If women’s sport struggles for coverage it’s not because of sexism - it’s because you can’t make people care

When Ireland’s World Cup adventure is over, people will just keep watching the sport they always watch


A man can tie himself up in all sorts of knots with this stuff. This column was going to begin with a story about Lynne Cantwell and two members of The Irish Times sports department upstairs in the Oxford Street Debenhams in London. On the working theory that no land bank of life experience can be allowed to go unfarmed for anecdotal purposes, the fact that she helped the pair of us buy ties back in January was going to be cultivated till the ground ran bare.

It was going to be a wry tale wherein we were rescued from our general male uselessness by the endless patience of the Ireland centre who helped us pick out appropriate neckwear at short notice for a function that night, thereby not disgracing the newspaper.

In time, it would have broadened out into a general piece about coverage of women’s’ sport – the overarching gist of which would have been that we can all do better (but with the gentle reminder that this is the kind of paper where we pal around with Irish sportswomen in London so, y’know, don’t blame us and so on).

Mild panic

Yet halfway through it, mild panic set in. If that was one of the men’s rugby team we were with in London that night and if he had been the one to show us to the menswear department, would it have been similarly used as column fodder?

Chances are it would (see aforementioned working theory) but, equally, chances are that the tone would have been different.

Would that be fair? Would that be right? If not, would it earn me a page the next volume of Everyday Sexism? Would I be hashtagged to within an inch of my pathetic male life once the column went up on Twitter? Shouldn’t I be?

So it can be complicated, attempting to plot a well-meaning course through how to engage with and cover women’s sport. That’s okay though. It’s a big area and it should be complicated. On the fringes lie the people who see no sexism whatsoever in modern life and just as many who seek it out in every offhand remark. In the middle stand the vast majority of us, trying to be decent.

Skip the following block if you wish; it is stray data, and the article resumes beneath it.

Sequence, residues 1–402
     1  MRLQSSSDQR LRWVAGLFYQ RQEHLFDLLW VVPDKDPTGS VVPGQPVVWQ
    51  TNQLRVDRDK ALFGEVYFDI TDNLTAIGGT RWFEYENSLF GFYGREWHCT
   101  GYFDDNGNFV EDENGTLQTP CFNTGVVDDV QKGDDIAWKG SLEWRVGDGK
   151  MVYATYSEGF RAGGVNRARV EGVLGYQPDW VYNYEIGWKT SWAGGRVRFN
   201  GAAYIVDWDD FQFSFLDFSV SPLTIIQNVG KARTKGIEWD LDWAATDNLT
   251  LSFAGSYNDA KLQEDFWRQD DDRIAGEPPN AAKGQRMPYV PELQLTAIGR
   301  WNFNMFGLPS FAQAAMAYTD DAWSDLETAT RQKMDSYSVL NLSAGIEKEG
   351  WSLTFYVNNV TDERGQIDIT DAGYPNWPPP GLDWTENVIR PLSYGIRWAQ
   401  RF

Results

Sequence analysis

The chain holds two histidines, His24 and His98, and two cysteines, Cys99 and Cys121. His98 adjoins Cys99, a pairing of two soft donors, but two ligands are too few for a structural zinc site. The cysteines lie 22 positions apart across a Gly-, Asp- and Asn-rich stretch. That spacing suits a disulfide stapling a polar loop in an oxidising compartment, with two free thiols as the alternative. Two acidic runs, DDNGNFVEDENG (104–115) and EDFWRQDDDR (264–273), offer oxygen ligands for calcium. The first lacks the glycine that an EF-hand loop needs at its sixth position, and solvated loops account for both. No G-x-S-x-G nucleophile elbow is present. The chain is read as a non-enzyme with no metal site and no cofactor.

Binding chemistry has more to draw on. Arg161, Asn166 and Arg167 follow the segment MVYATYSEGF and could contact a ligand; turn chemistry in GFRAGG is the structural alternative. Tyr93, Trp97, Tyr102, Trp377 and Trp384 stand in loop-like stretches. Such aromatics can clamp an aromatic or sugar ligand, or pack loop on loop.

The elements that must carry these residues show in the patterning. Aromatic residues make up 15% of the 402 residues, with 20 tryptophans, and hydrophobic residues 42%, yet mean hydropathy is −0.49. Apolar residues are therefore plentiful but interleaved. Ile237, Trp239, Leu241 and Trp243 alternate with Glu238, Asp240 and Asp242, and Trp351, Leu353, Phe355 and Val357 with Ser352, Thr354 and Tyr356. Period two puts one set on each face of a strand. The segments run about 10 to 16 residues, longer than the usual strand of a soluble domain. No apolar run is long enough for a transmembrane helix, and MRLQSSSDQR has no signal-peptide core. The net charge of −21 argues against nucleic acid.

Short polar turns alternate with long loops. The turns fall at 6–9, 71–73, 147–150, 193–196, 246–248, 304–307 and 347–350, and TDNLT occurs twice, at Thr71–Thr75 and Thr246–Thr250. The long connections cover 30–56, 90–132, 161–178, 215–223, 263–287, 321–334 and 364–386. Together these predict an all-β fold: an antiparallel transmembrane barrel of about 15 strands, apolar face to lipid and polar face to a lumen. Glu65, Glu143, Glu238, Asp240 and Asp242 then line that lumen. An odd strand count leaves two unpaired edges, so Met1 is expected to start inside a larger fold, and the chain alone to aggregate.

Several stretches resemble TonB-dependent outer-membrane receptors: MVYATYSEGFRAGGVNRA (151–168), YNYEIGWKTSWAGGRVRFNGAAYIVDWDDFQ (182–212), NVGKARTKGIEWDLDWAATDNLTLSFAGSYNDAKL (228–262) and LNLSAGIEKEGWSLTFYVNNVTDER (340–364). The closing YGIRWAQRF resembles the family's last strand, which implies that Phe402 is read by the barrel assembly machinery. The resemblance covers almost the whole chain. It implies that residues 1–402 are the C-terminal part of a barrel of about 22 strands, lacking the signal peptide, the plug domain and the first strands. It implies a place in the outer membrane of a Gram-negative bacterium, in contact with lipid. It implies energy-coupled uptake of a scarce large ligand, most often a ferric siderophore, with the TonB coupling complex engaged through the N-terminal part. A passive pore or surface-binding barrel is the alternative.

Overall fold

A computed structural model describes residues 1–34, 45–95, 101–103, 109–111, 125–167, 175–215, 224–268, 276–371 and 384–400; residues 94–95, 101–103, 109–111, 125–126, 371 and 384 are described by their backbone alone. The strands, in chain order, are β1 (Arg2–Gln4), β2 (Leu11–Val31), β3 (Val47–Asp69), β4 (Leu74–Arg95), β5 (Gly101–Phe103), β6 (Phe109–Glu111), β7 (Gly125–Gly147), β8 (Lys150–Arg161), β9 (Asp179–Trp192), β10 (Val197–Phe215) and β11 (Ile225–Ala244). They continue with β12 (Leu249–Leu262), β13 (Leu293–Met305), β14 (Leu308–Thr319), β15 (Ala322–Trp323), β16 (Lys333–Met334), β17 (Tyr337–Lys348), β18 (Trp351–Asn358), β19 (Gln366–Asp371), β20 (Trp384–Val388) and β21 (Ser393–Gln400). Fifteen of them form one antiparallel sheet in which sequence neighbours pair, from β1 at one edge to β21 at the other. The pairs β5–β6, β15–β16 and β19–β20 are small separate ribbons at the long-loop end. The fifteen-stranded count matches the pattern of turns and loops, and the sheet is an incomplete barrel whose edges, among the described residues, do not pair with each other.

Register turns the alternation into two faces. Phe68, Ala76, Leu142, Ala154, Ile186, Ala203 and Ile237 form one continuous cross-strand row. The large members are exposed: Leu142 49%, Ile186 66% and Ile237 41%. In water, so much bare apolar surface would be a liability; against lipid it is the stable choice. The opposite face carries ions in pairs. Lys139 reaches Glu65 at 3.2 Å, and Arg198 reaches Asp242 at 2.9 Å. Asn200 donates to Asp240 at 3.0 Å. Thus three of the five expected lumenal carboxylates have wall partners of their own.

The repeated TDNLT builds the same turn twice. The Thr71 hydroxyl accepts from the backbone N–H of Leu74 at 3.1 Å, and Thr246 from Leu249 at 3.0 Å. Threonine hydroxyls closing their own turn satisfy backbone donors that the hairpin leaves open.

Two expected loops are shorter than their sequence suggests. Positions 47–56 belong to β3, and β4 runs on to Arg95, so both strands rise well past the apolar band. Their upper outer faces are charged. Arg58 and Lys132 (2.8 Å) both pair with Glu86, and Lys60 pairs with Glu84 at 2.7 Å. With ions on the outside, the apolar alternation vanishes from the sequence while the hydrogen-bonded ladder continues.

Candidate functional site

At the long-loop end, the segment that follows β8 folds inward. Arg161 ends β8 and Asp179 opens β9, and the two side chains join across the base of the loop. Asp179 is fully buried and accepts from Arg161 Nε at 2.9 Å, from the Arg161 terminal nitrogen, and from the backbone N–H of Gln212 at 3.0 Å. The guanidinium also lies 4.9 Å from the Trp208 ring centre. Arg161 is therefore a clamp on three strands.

Women’s sport’s most basic problem when it comes to media coverage is that you can’t force people to care. It’s the same problem with all areas of sport that don’t get as much attention as they would like. You can’t make people care about the League of Ireland, you can’t make them care about the Paralympics. People will engage or they won’t and all the marketing and media backing in the world will lead only so many horses to water.

You can’t make them care about the Cork women’s football team no matter how many times you tell them that Irish sport has never and will never again see a team like them. In all honesty, it took the best part of a decade to drum up genuine interest and affection for Katie Taylor. Annalise Murphy, Steph Meadow, Aileen Reid – we could run daily pieces on their whereabouts and their whatabouts and they would still be little more than curiosities to the general public.

From time to time a media student or a lobby group will go through the day’s newspapers and hold up, as proof of bias, the fact that only, say, 13 per cent of the articles that day pertained to women’s sport. You always feel like ringing them up and asking what they think we missed. Or what we should have dropped.

Due recognition

Eamonn Ryan, manager/guru/sensée of that great Cork team, knows the complexities of this better than anyone. When he’s asked if he thinks his team have got the recognition they’re due over the years, his answer is always no; but not for the reasons you might think.

The support base for his team is overwhelmingly male. Some of it is dads with daughters, some of it is clubmen, some of it is that cussed type of Cork fan who happily toddles along anywhere to see the red flag fly.

But – and he has no simple explanation for this – women don’t generally come out to support them. Certainly not in the numbers that men do.

This week, as Lynne Cantwell and her band of merry women sweat it out in the Stade Jean Bouin with a shot at the World Cup in their hands, there’s a simple joy in being able to sit back and enjoy it for what it is.

Their bona fides are impeccable after the win over New Zealand, and there can’t be any ‘Ah-but-what’s-the-standard- really?’ arguments to cheapen their progress. The semi-final against England on Wednesday deserves to pull in a big TV audience and if they make the final at teatime next Sunday the whole country should clear the decks for them.

But again, you can’t make people care. Next Sunday is also Cork v Tipp and the first SuperSunday of the new soccer season. The people who choose to watch those events rather than the Women’s Rugby World Cup aren’t rampant sexists. They’re just sports fans.

It can be a complicated area. But some things are pretty simple.

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